The completed research report by researchers John J. Donohue III of Stanford Law School and Steven D. Levitt, a professor of economics at the University of Chicago, drawing a connection between abortion and crime rates is being published next month in Harvard University’s Quarterly Journal of Economics. The study makes the case that there is a strong correlation between the rise in abortion following Roe v. Wade and a drop in crime, and suggests that this is due to the drop in the number of “unwanted” children. The same argument has been made repeatedly over the years by Canada’s leading abortion proponent (and amateur criminologist), Henry Morgentaler.
Last year, a preliminary write-up of the study had the media so excited that the abortion issue received almost as much coverage in that context as is the case alleged incidents of “anti-choice violence.” The coverage was largely a PR campaign by pro-aborts. They seemed to be saying, “We’ve got those stupid pro-lifers now! We can now make the case that their view on abortion is a pro-crime position. Let’s see them get out of that one!”
Abortion is a symptom
Let’s say, for the sake of argument, that there is a strong correlation and maybe even causation on this point. The fact remains that abortion is a symptom of a prior problem – an erosion in the general population’s commitment to the value of human life, and more specifically, a disappearance of the Christian ethic of parental devotion towards their children. A few generations ago it wouldn’t have mattered whether a child was “wanted” or not. In most cases, if the child came along, he would be raised by parents who recognized their God-given responsibility as parents. A cultural ethos provided external pressure to live up to such responsibilities even if the parents were tempted to abandon them.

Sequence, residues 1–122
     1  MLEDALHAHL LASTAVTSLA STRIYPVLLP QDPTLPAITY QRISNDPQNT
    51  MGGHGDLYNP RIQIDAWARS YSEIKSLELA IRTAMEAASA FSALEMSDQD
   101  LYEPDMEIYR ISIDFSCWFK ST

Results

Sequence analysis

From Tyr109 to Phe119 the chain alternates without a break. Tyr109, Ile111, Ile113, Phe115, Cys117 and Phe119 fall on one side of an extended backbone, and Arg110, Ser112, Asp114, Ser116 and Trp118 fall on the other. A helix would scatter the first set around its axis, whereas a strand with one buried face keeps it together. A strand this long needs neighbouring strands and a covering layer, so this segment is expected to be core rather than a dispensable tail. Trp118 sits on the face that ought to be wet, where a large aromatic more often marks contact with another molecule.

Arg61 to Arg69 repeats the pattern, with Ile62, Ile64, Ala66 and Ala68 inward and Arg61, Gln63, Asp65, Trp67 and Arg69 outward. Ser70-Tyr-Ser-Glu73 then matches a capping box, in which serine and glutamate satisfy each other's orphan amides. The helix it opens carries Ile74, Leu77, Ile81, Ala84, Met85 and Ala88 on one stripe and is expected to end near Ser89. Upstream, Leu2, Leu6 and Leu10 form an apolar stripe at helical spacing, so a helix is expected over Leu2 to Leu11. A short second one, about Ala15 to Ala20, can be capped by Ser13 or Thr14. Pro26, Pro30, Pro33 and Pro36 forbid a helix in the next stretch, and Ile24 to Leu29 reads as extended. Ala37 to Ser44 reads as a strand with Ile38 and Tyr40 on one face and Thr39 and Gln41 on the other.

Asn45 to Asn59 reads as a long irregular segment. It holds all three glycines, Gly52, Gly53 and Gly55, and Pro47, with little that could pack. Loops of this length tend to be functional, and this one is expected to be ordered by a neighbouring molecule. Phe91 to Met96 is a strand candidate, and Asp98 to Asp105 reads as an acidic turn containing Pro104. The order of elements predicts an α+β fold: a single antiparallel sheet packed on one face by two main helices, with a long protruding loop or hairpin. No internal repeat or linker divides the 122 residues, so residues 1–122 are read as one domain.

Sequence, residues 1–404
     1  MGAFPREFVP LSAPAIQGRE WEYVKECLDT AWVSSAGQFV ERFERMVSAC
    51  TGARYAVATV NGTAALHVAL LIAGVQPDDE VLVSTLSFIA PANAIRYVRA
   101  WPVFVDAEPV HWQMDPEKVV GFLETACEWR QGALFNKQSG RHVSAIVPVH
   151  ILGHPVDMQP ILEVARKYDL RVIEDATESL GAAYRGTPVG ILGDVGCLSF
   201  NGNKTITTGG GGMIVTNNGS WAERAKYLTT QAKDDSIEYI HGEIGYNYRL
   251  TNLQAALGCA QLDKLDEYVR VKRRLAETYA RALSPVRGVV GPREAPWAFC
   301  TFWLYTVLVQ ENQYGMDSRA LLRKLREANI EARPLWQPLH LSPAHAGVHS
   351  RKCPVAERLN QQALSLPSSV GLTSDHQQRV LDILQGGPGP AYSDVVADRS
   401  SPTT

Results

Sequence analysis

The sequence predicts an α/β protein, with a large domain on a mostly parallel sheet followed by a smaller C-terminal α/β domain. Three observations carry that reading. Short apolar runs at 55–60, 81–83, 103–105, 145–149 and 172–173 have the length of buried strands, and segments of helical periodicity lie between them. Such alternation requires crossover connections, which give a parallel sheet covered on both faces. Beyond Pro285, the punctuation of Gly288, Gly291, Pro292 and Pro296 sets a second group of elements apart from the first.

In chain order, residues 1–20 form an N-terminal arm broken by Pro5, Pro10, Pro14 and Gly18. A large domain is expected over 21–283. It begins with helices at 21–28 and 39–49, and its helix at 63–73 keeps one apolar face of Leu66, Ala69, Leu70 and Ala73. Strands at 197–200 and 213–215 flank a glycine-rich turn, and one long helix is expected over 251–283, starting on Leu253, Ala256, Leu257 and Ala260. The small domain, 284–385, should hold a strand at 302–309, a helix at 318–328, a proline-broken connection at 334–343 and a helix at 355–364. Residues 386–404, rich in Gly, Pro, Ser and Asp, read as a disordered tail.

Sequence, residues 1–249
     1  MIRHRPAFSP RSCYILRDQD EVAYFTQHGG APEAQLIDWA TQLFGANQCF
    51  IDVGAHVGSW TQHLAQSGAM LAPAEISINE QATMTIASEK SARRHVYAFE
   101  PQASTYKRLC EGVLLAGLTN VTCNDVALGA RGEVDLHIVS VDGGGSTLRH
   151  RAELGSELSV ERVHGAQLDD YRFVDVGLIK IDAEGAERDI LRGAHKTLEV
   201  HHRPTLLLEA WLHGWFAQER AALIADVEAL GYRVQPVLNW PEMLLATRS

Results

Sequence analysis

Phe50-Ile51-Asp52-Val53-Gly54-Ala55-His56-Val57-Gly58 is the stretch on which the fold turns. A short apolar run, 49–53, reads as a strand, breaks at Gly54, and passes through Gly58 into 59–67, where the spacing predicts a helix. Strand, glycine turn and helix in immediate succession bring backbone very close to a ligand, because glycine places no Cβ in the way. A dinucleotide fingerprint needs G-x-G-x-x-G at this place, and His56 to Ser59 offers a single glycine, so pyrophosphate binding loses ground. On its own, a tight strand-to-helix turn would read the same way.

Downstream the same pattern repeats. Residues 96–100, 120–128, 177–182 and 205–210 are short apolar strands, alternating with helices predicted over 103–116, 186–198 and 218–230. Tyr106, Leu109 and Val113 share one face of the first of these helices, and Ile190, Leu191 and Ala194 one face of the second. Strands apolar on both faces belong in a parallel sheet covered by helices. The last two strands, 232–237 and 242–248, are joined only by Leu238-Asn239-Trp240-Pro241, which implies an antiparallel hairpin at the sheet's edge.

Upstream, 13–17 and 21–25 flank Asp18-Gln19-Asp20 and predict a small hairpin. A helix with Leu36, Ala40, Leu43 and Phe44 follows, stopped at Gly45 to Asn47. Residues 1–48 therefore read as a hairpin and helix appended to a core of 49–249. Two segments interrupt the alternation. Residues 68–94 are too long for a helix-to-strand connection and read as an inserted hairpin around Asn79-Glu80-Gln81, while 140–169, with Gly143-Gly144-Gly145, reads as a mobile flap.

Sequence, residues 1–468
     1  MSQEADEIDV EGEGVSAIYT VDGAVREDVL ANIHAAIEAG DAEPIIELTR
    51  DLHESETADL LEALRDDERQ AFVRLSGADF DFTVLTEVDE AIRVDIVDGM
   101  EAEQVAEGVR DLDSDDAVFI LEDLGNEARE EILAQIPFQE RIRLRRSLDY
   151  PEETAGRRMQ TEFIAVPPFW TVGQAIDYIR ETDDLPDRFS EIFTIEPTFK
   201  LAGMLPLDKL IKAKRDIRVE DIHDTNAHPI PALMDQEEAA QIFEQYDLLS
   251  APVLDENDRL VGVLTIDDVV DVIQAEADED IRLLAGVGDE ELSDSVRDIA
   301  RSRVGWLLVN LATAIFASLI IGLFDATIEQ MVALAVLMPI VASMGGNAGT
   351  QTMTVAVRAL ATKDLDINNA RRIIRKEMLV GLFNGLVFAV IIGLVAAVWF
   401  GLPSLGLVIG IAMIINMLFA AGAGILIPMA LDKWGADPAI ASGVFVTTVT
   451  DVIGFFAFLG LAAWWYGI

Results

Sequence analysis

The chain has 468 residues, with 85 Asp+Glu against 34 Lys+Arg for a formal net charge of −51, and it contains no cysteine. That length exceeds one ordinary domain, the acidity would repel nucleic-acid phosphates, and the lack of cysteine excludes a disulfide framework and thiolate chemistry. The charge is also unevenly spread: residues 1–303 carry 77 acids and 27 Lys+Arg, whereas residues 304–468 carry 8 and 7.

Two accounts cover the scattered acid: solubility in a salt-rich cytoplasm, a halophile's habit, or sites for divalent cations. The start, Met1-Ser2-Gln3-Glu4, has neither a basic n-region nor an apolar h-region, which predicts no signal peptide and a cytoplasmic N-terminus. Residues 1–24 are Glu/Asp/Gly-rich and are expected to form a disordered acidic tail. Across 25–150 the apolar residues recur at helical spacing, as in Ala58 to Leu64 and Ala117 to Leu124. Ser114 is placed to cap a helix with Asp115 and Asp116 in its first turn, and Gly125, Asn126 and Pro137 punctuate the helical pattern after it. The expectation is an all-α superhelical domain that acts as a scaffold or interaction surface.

If “unwanted” children today are disproportionately deviant, including having a greater propensity for criminal activity, this speaks more about the condition of parenthood than it does about the children themselves. It reveals to us how much filth has infested what is supposed to be one of the most beautiful earthly relationships, one filled with sacrifice, charity, devotion and commitment.
If parents are so selfish that they openly communicate to unwanted children that they are unwanted, this is indicative of how debased we have become as a society. Those who would use the Donohue and Levitt study to justify abortion have fallen to such a debased level of morality that they can no longer discern between virtue and vice; they reveal a desire to preserve and fuel the ruthless vice of selfishness in one of the most precious relationships known to civilized society.
Self-sacrifice and charity
Where is the commitment to restoring virtues such as self-sacrifice and charity – ethics that are instrumental to the survival of civilization? A few years ago, people wouldn’t dream of articulating such views in public – unless that “public” was a small group of secret society members meeting somewhere in a dank, dark basement. Yet today people claiming the credibility of being “scientists” and “doctors” are making such pronouncements. One has to grieve when you think about where our society is headed.
The problem of crime is not primarily sociological anyway; it is a matter of human nature and the propensity to sin. So, if crime is higher among “unwanted” children, this is also a symptom of poor parenting. The most powerful factor against deviance is the internal transformation wrought by a relationship with Christ, but even among non-Christians, good training and external restrictions are helpful factors in curbing a person’s tendency to crime. Such training begins at infancy and is the responsibility of parents. Whether by virtue of neglect (as in the case of unwanted children) or ignorance, parents who don’t include the cultivation of a strong moral responsibility in the training of their children, are doing them a great disservice. From this perspective, then, “unwantedness” is still just a symptom of the greater problem of selfish parenting.